Josh Verges / St. Paul Pioneer Press
ST. PAUL—If a bankruptcy trustee can't sell the McNally Smith College of Music building before the end of the year, there may be no money left for students, employees and other creditors. The downtown St. Paul school abruptly closed in December, leaving employees unpaid for weeks of work, despite taking in $564,000 in prepaid spring semester tuition. Students, employees and others have filed unsecured claims for about $6.5 million. Whether any of them get paid will depend on how much the trustee can get for the school building.
MINNEAPOLIS—Two former students say Minneapolis-based Capella University lied about how much time and money it would take to complete an advanced degree. Kansas resident Carolyn Wright and Debbra Kennedy of Tennessee filed a class-action lawsuit Friday in U.S. District Court in Minnesota. Wright, who began pursuing a doctor of nursing practice in spring 2014, said she was told it would take two years and cost about $35,000. But Capella's website later said the program takes 30 months, the complaint alleges, and that figure was then revised to 39 months.
ST. PAUL — Between March and November last year, the co-founders of McNally Smith College of Music loaned the school $1.33 million in a failed attempt to keep the St. Paul school in business. That's according to filings in two bankruptcy cases — one for the school and another for Jack McNally personally. The for-profit college's gross income, records show, fell from $10.6 million in 2016 to $9.6 million a year later amid declining enrollment and increases in tuition discounts.
LAKEVILLE, Minn.—A University of Minnesota IT specialist is accused of recording nude videos of a 17-year-old autistic boy while working as the teen's personal care attendant. Christopher Pfoff, 28, was indicted on a charge of child pornography production last week in U.S. District Court. He faces 15-30 years in prison if convicted. Pfoff had worked with the teen for three years, according to the indictment. He also worked as an information technology specialist for MU's psychology department.
ST. PAUL—An Augsburg University professor with high-profile support says he has been given 90 days to leave the country unless he can get his case for asylum reopened. Kenya native Mzenga Wanyama said he's "still hopeful" after a brief meeting Thursday, April 5, with Immigration and Customs Enforcement at Fort Snelling. Augsburg President Paul Pribbenow was among about 100 supporters gathered outside the ICE office. He said the school is paying for Wanyama's lawyer and using its influence to put pressure on ICE.
ST. PAUL—All but invisible in past years, the thousands of students who opt out of Minnesota's standardized math and reading tests will be counted against their schools and districts under new state and federal laws. The state's new plan under the federal Every Student Succeeds Act will count every student who misses the Minnesota Comprehensive Assessments as "not proficient," except in rare cases of a medical exemption.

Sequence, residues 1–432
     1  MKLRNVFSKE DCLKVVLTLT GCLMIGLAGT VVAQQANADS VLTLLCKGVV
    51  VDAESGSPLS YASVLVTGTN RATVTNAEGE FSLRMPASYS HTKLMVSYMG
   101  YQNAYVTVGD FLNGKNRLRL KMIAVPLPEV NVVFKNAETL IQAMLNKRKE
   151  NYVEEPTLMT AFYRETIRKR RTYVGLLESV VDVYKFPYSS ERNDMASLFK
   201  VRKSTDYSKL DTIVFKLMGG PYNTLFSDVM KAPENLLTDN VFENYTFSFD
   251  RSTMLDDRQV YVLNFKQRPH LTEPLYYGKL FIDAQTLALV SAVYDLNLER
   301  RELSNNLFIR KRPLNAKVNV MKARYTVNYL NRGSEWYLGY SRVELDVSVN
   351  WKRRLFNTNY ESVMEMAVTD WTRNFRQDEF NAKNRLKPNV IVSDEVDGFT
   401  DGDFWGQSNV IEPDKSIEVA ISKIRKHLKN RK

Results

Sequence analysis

ST. PAUL—A University of Minnesota professor who was called out publicly in December for his interactions with women has lost a leadership position and is the subject of four ongoing school investigations. Brad Carlin was head of the School of Public Health biostatistics division from May 2010 until Jan. 3, when Public Health dean John Finnegan removed the appointment.
ST. PAUL — Emily Yang was a seventh-grader with nothing to do but wait while her mom finished her work day as a school counselor. Then a classmate suggested archery. "It was really scary," she said, recalling her first arrows lobbing toward the target. Four years later, Yang is a state champion, having outscored 236 high school girls — not to mention all 246 boys — Saturday in Bemidji, Minn. Her St. Paul district school, Open World Learning Community, is the only St. Paul or Minneapolis school that has an archery team.
ST. PAUL—The leader of Minnesota's largest higher education system will get $507,000 in annual salary and benefits when his new contract starts Aug. 1. Minnesota State trustees Wednesday approved a three-year contract for Devinder Malhotra, who has been interim chancellor since August. Trustees made Malhotra the permanent successor to the retired Steven Rosenstone this month after agreeing that a second national search did not produce the right candidate.
ST. PAUL—The University of Minnesota will ask the Legislature for an extra $10 million to finance a tuition freeze next year for Minnesota residents at all of its campuses. The two-year budget lawmakers adopted last year awarded the university $658.7 million in base funding this year and $10 million less than that in 2018-19. Knowing that funding would decline, the university spent $10 million last year on one-time repairs and renovations.